The role of capital allowances is to compensate for the fact that depreciation of assets is not normally tax deductible.
Generally speaking qualifying assets have a lifespan of more than two years and do not count as part of the premises, that is to say they must be things with which rather than in which you conduct business. It is important to note that the asset(s) must be relevant to the commercial activity within the premises if it is to be claimed, for instance if you have bought premises with some irrelevant assets not used in the business, then they cannot be included in claims.
Some examples of assets that qualify,
• Large tools and machinery
• Telecoms equipment
• Computing equipment
• Electrical goods
• Computer software (with more than two years useful life)
• Office equipment
Some less obvious assets also qualify; here are a few,
• Furnishings (curtains, carpets etc.)
• Storage and display equipment
• Sanitary ware (baths, sinks etc.)
• Fire safety equipment
• Security equipment
• Swimming pools
• Refrigeration equipment
There is no limit to the scale of the piece of capital in question; even guard dogs, oil rigs, railway locomotives and rollercoasters qualify!
The assets above have a writing down allowance of 20%; this means that every year you can claim 20% of your remaining allowance. As an example, if you claimed an allowance of £10,000 in the first year you would get £2,000, the second year you would get £1,600 and so on. This means (once again using the £10,000 example) that you could claim back almost half the allowance within three years and the whole lot within ten.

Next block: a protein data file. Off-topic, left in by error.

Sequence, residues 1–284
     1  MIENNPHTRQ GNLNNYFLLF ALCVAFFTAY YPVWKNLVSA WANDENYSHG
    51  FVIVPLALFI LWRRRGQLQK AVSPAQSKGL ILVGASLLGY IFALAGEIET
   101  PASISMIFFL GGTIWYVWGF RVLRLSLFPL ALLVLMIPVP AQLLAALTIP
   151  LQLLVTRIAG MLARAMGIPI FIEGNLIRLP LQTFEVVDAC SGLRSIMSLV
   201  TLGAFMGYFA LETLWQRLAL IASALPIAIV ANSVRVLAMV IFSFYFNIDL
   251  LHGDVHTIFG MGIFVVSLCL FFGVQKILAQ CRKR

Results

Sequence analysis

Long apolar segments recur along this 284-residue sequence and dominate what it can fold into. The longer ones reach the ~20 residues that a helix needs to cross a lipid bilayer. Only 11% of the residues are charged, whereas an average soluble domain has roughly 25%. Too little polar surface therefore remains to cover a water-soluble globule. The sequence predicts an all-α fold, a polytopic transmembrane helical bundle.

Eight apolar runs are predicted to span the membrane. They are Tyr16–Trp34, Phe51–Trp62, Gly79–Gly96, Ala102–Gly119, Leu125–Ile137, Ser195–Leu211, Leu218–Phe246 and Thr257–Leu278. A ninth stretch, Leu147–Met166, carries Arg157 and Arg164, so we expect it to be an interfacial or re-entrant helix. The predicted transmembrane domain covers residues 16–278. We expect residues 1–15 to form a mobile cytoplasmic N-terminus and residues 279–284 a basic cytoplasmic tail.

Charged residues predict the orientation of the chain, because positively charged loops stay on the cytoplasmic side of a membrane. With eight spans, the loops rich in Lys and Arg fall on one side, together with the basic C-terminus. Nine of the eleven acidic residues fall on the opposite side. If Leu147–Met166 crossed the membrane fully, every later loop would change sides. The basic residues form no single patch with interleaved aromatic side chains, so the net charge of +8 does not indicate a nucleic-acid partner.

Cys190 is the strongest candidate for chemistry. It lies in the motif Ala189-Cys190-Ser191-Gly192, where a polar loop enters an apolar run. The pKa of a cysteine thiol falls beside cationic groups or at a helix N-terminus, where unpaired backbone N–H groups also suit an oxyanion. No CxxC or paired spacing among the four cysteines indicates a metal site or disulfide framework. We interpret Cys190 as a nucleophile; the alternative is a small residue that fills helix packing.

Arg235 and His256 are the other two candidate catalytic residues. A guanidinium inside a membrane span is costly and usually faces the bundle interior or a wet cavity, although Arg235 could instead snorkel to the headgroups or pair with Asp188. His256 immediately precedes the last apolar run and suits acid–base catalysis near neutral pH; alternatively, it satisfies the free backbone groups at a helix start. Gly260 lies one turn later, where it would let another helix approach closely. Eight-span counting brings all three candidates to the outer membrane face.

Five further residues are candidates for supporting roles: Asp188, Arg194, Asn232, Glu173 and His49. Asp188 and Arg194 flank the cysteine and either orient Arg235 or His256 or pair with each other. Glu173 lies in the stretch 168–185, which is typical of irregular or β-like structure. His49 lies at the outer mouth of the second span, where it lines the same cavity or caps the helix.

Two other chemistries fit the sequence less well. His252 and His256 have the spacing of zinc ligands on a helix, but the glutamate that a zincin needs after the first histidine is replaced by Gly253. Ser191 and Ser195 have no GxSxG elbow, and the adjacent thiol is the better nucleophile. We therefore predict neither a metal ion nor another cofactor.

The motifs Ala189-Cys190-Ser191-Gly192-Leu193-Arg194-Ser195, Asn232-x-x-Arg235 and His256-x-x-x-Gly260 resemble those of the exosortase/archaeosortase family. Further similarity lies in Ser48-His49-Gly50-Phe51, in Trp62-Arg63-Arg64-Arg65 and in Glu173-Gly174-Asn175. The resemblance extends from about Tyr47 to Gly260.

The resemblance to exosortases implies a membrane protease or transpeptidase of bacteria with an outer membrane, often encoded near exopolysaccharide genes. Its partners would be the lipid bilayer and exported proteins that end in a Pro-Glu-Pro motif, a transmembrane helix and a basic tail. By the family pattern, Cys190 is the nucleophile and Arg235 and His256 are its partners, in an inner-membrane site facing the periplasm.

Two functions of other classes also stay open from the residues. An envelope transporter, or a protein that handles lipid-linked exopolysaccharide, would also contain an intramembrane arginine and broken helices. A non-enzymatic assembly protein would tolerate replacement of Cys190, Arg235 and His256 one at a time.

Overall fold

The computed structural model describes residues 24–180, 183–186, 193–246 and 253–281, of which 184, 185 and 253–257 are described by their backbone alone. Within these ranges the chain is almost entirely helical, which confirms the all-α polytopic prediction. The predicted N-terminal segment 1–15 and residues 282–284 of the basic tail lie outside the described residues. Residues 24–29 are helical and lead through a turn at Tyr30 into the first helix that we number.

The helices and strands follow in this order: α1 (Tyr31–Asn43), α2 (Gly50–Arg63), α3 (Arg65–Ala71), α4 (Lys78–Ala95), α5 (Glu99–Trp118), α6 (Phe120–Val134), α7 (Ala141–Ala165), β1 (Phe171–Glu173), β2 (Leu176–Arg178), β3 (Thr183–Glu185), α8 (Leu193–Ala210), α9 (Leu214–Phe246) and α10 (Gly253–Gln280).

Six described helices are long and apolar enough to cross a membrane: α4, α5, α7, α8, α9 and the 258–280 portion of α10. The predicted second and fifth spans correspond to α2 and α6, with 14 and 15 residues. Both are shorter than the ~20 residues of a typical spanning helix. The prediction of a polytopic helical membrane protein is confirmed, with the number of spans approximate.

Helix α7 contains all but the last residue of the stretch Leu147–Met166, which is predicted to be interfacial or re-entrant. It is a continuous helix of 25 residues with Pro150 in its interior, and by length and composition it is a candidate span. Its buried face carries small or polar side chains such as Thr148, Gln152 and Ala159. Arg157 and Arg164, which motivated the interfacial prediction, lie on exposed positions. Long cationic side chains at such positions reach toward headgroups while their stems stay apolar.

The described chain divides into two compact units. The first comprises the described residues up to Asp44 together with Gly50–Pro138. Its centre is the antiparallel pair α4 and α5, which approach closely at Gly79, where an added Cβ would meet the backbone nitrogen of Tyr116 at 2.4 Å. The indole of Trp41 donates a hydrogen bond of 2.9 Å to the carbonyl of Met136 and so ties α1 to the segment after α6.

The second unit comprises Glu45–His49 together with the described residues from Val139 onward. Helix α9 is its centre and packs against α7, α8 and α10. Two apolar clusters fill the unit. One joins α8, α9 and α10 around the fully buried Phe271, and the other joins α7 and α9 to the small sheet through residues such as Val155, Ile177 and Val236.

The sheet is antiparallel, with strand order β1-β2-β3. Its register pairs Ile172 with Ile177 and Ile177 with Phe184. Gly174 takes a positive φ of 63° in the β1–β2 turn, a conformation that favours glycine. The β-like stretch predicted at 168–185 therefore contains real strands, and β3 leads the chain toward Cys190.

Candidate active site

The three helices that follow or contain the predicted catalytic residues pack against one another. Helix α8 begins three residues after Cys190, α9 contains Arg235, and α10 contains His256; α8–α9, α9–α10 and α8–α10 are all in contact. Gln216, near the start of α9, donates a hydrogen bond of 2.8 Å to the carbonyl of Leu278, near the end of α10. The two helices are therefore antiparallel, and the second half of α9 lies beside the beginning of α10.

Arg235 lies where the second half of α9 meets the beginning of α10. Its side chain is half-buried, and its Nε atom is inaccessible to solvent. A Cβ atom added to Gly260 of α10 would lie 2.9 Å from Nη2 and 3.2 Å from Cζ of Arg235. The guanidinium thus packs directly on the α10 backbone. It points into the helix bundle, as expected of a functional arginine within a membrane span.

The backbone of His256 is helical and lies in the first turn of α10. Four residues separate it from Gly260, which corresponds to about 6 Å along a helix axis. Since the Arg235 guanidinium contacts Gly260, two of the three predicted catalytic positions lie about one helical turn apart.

Certain other assets fall the ‘special rate pool’, this means that they qualify for the lower writing down rate of 10% (falling to 8% from the tax year commencing April 2012). These include long life assets (expected lifespan of more than twenty five years), cars with high CO2 emissions, general electrical and water systems in the premises (i.e. those not designed to service a specific piece of capital) and lifts, escalators and people movers. These, with the exceptions of the cars, are known collectively as integral features.
Therefore, even if you are aware of capital allowances and have made a claim, it is quite possible that many of the less obvious assets have been missed, especially those behind walls or under the floorboards, and there is still money to be taken off your tax bill.